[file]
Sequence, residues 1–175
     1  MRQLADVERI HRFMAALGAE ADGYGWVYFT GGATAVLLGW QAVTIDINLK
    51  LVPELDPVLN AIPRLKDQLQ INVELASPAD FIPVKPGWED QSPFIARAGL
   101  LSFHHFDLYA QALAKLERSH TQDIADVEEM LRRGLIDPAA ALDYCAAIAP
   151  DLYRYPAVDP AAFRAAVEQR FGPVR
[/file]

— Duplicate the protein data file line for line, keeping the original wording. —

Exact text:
Sequence, residues 1–175
     1  MRQLADVERI HRFMAALGAE ADGYGWVYFT GGATAVLLGW QAVTIDINLK
    51  LVPELDPVLN AIPRLKDQLQ INVELASPAD FIPVKPGWED QSPFIARAGL
   101  LSFHHFDLYA QALAKLERSH TQDIADVEEM LRRGLIDPAA ALDYCAAIAP
   151  DLYRYPAVDP AAFRAAVEQR FGPVR